Nearly 300 million people have hepatitis b worldwide
A study last Monday (26) by researchers at the Polaris Observatory of the Center for Disease Analysis in the United States revealed a drastic worldwide scenario regarding the HPV virus.
The study shows that by 2016 about 300 million people were infected with hepatitis B virus (HBV) worldwide, at a prevalence of 3.9%, but 90% had not yet been diagnosed and only 5% of those who were to be treated received it.
Pregnant women are at high risk of passing the virus to their children and are the main source of the current epidemic of the disease. According to the study, only 1% of infected pregnant women were being treated properly so that this did not happen.
In Brazil, the researchers estimate a prevalence of 0.4% of the disease in 2016, equivalent to about 760,000 cases. Overall, this figure is one of the best compared to the global scenario.
Of the cases cited in the country, 212,000 (28%) were diagnosed, with 22,500 (12%) of the 184,000 patients eligible for treatment (viral load of more than 20,000 international units of virus DNA per milliliter of blood) in therapy. In contrast, there were no instances of infected pregnant women receiving antivirals to avoid passing the virus to their children.
How to change this scenario?
If hepatitis b is not treated, it can lead to serious health problems, including illness and cancer of liver, causing an estimated 600,000 annual deaths worldwide. But although the virus is extremely contagious, transmitted mainly from mother to child or among children, and has no cure, in recent decades a number of advances have made its eradication feasible: since 1981, a highly effective vaccine is available, and from In 1992, the WHO started recommending the vaccination of newborns, with the first of three doses being administered up to 24 hours after birth.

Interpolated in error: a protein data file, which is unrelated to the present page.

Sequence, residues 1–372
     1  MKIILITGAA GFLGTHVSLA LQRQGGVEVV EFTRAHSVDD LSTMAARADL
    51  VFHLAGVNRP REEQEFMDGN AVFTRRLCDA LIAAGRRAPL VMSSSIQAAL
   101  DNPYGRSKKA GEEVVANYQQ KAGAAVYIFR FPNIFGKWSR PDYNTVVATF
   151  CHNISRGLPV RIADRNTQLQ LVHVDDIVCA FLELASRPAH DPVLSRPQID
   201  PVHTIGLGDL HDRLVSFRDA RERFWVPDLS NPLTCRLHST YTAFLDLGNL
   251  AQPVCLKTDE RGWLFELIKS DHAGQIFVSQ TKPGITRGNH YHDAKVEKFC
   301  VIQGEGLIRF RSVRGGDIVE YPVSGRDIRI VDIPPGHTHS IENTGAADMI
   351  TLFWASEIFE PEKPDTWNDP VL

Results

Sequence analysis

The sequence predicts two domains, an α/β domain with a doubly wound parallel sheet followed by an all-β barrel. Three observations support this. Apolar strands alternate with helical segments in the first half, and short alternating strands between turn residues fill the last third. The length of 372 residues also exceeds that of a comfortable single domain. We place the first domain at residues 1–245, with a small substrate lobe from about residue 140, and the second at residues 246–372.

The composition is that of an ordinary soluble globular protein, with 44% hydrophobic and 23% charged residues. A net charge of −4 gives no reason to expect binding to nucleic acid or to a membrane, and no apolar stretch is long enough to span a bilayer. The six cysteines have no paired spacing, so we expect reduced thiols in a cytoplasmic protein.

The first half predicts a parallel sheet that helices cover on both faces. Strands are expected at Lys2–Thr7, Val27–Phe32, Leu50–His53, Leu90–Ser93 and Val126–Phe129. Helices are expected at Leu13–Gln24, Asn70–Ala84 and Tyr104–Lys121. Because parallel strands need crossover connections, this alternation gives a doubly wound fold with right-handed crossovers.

The hepatitis B vaccine is part of the national vaccination schedule and is mandatory. There are two types of hepatitis B vaccine: the first generation contains virus particles obtained from the plasma of virus donors, inactivated by the formalin; the second generation is prepared by genetic engineering method and obtained by DNA recombination technology (deoxyribonucleic acid). Learn more about the vaccine and what diseases it prevents.
The Centers for Disease Control and Prevention (CDC) ) of the United States reported a study of Zika-infected infants who had normal-sized heads at birth, but developed microcephaly only from five months to one year after birth. 13 children from Pernambuco and Ceará who were born with congenital Zika syndrome, identified in exams but without reduction of the skull.
The Unified Health System (SUS) will begin offering the human papillomavirus (HPV) vaccine as of March 10 for girls ages 9 to 13, health centers and public and private schools throughout the country. The dose, which helps protect against cervical cancer, will be available in the 36,000 public health posts throughout the year, according to the ministry.